Some participants are out to tear down anyone in their career path. Embarrassing the opposition or creating bad press for them in a meeting guarantees more than one person hears the damaging news, whether or not it is true. I call these folks destroyers.
Then there are the clowns. Their only purpose is to entertain, and a meeting provides them a stage. I have used humor to break the mood in a meeting before, but clowns treat a meeting like a performance. I usually don’t invite them to a meeting.
The contrarians can serve a useful purpose. Always on the opposite side of everyone else, they provide a reasonable devil’s advocate and bring up issues others might not consider. But once a decision is made, they need to support the outcome.
Reporters are people who come in place of the persons you invited, and “report back” to the invitees. They come with no authority, mainly listen and sometimes answer questions.
Reporters should not be confused with true representatives, who have the same voice and vote as the decision makers for whom they are standing in.
Obstructionists do not want the meeting to be successful for whatever reason. Often it is because they did not get their way in the past.
Orators like to hear themselves speak and will do so often and at great length. They expand the amount of time in a meeting well beyond its useful limits, if getting something done is what you consider useful. They believe that it is beneficial for them to impart their knowledge to the masses.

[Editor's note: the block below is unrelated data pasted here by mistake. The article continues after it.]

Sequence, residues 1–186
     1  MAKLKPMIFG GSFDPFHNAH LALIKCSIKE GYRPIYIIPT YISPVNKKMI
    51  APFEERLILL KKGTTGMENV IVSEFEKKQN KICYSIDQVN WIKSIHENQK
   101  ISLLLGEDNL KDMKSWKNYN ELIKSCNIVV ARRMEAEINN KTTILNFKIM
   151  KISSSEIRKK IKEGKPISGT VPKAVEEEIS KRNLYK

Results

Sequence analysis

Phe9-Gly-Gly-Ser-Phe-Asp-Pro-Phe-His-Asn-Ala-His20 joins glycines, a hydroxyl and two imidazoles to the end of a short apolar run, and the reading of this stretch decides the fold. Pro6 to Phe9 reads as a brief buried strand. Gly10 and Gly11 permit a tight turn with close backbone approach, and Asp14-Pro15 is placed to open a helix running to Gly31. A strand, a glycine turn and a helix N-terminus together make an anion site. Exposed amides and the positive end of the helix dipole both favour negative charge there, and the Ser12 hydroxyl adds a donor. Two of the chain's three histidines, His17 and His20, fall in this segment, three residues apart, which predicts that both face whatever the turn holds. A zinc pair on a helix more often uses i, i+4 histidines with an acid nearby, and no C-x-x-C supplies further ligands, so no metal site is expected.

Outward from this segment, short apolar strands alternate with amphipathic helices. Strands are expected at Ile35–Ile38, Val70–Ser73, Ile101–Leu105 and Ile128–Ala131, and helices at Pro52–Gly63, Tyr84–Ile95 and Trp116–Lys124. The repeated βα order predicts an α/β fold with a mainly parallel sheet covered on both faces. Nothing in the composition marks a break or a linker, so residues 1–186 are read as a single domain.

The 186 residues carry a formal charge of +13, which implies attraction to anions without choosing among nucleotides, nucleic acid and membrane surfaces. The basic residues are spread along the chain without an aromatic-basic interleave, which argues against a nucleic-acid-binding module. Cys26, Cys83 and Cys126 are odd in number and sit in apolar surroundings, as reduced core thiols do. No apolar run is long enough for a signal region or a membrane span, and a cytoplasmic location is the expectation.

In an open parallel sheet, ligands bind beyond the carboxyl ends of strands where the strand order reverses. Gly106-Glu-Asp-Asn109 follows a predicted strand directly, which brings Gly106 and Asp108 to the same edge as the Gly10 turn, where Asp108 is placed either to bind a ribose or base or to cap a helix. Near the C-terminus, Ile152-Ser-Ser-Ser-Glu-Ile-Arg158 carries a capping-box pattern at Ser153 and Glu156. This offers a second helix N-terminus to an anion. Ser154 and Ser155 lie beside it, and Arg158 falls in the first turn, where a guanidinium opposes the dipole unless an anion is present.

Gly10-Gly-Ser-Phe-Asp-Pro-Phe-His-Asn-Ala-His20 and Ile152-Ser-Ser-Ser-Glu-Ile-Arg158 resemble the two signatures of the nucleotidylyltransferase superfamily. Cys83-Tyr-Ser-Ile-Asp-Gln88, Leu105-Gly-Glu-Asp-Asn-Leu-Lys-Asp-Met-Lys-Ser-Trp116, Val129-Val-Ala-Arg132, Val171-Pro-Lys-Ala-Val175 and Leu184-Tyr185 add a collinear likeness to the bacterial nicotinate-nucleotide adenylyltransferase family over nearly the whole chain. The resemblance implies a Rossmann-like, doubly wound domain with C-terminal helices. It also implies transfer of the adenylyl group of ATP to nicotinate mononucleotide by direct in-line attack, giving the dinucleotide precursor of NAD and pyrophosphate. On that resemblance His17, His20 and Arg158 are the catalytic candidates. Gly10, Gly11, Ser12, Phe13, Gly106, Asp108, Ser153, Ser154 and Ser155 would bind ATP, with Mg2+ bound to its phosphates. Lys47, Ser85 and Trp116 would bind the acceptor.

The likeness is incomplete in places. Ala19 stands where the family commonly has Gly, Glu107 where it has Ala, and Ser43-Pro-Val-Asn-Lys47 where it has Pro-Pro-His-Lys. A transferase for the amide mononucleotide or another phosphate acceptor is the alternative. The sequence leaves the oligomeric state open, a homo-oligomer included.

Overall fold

Wallflowers are warm bodies in the conference room. For whatever reason, they do not contribute to the discussion.
Peacemakers try to arbitrate between opposing sides without offending either.
The next time you are in a meeting, see if you can identify some of these meeting types. If you can, it might give you a better perspective of the meeting.
Get it together
I tend to be prepared for meetings with stacks of papers and notebooks full of charts and graphs. In yet another meeting that I expected to be a blowup, I came armed with evidence. I had the facts to back up my position, something I suspected my opponent would not have. That meeting did not degrade into a shouting match. My preparation, the exhibits and the illustrations I had brought enabled me to make a reasoned and unemotional rebuttal to the emotional plea that was to be presented.
But unless I have reviewed all of the materials right before the meeting and know where everything is, I may lose opportunities to support or rebut a position because I am busy looking up stuff in a stack of paper. Properly organizing data is crucial.
Agenda items in meetings can move from one point to another rather quickly, and a few seconds may be all you have to make your point. Indexes, tabs, a summary — all are helpful, both at the meeting and as some things to go over as a reminder before the meeting starts. Organized documentation can serve as a fire suppressor, even to those who tend to “not be burdened with the facts or with reason.”
We’ve got to stop meeting like this
I cannot promise that you will never, ever, ever have a combative meeting, but knowing who you are dealing with and arming yourself with documentation will help you get through that dreaded encounter.